REF No. 6736 GG
GG: Chinese porcelain figure group of a standing Dutch couple
Qianlong period circa 1740
Dutch or Chinese Market
Height: 9 inches; 23cm
Provenance: ex-collection Martin Hurst
from the Golden Gate Collection
A Chinese export porcelain figure group showing a standing Dutch couple brightly decorated in famille rose enamels on a flattened base.
This is one of four recorded examples of this unusual model on a rockwork base. This one was originally from the Martin Hurst Collection, one of the greatest collections of famille rose Chinese porcelain ever assembled and which formed the basis for The Book of Famille Rose by George Williamson (1970). This group is illustrated in that book on plate XLI.
They were originally thought to illustrate 'Governor Duff' and his wife, referring to the Dutch governor of Batavia Diederick Durven (1676-1740) who was a Dutch colonial administrator and Governor-General of the Dutch East Indies from 1729 to 1732. However this description has been applied to many European couples at this date and is discounted now.
Some similar groups are known on square bases in different versions, one starting a dance, and one in the middle of the dance. The example here is possibly a prototype for those slightly later dancing figures.
It has been suggested that, as well as being made for the export market, these figures of Westerners might also have been made as entertainments for the Chinese market, possibly even for the Qing court where the Qianlong Emperor had shown an interest in items decorated with Western figures and such depictions were seen as exotic.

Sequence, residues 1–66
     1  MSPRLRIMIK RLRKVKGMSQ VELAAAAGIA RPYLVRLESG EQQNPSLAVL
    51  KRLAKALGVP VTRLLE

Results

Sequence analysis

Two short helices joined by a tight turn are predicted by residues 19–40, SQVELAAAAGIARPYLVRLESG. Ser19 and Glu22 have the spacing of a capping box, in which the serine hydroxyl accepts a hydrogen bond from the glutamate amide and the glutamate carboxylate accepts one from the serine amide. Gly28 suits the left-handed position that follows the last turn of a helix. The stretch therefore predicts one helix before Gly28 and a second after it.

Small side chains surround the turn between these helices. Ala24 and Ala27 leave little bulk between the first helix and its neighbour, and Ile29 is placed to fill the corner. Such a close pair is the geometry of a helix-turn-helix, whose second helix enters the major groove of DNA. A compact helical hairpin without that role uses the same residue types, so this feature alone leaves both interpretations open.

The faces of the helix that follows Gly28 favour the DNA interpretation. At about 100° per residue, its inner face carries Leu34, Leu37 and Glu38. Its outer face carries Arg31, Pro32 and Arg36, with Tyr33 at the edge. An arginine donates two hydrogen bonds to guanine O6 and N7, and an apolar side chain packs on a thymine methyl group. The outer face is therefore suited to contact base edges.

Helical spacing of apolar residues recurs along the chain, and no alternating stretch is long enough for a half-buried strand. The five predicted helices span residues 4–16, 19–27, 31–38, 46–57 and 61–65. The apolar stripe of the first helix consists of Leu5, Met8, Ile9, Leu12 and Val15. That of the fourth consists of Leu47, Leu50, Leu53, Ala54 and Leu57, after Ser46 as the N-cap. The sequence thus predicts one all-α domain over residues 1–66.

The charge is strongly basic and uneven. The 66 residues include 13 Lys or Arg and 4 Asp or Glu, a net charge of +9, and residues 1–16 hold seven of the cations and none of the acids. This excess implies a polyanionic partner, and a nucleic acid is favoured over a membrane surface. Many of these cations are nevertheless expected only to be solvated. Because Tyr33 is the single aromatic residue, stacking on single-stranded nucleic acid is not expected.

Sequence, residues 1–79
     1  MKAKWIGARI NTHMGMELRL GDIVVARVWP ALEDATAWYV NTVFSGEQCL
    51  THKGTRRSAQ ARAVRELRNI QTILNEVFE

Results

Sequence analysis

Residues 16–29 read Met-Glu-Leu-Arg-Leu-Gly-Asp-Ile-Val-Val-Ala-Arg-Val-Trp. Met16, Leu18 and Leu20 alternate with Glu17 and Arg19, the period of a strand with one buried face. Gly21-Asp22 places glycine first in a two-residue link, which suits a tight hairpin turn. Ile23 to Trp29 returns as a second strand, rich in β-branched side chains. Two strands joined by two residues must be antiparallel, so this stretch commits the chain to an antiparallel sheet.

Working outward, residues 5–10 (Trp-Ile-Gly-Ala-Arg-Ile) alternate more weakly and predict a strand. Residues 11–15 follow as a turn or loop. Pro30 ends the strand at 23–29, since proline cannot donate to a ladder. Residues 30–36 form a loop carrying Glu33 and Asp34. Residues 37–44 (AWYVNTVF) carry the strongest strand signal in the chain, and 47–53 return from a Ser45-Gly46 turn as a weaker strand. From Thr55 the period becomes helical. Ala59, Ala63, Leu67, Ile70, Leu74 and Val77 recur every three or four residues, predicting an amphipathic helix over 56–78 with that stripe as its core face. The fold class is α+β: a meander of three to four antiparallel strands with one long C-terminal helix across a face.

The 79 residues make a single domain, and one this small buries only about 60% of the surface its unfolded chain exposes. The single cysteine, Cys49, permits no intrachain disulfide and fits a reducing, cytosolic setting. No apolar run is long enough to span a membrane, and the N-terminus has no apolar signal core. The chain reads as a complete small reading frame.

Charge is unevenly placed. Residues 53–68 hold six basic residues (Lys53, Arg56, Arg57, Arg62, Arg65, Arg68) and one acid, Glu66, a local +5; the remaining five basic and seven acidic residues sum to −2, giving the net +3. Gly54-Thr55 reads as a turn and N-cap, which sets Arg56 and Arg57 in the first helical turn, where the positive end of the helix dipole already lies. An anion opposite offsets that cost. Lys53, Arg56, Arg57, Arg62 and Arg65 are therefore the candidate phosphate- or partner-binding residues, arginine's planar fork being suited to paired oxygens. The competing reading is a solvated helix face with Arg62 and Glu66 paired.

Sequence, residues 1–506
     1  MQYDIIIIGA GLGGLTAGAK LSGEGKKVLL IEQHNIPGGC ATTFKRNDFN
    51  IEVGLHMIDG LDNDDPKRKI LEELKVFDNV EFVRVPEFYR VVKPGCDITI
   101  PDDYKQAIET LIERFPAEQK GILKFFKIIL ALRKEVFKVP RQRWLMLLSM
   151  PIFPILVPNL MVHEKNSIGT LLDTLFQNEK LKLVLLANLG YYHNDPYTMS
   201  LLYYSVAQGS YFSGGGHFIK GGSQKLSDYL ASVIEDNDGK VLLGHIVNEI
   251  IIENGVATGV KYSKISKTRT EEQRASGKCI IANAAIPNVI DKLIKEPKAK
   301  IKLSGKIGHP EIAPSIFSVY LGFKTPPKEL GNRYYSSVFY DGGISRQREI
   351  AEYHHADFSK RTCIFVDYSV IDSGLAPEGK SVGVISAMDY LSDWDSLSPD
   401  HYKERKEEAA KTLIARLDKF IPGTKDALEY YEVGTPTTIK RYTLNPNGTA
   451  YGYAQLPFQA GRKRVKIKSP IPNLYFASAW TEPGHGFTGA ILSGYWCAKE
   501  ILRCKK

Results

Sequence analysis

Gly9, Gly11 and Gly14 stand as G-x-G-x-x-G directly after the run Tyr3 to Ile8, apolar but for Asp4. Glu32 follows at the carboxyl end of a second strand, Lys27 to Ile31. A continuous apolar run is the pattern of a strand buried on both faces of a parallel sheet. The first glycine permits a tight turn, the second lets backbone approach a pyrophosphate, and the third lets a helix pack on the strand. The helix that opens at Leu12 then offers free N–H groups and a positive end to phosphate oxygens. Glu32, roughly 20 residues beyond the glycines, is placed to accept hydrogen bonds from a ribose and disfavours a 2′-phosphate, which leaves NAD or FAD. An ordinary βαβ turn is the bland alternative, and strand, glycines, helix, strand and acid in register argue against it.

References: Williamson 1970, this example illustrated on plate XLI; Howard & Ayers 1978, p627, another example of this group in the Mottahedeh collection; an example is in the National Museum of Ireland, Dublin that is undecorated white porcelain (details: DC:1884.914 - Figure group, Blanc-de-chine, made in China, c.1720); Sargent 1991, p218-9, the example from the Copeland Collection.
This item is currently located in the USA and may be subject to additional shipping and import charges if shipped outside the USA. However, this also means it is NOT subject to any tariffs on Chinese-made goods entering the USA.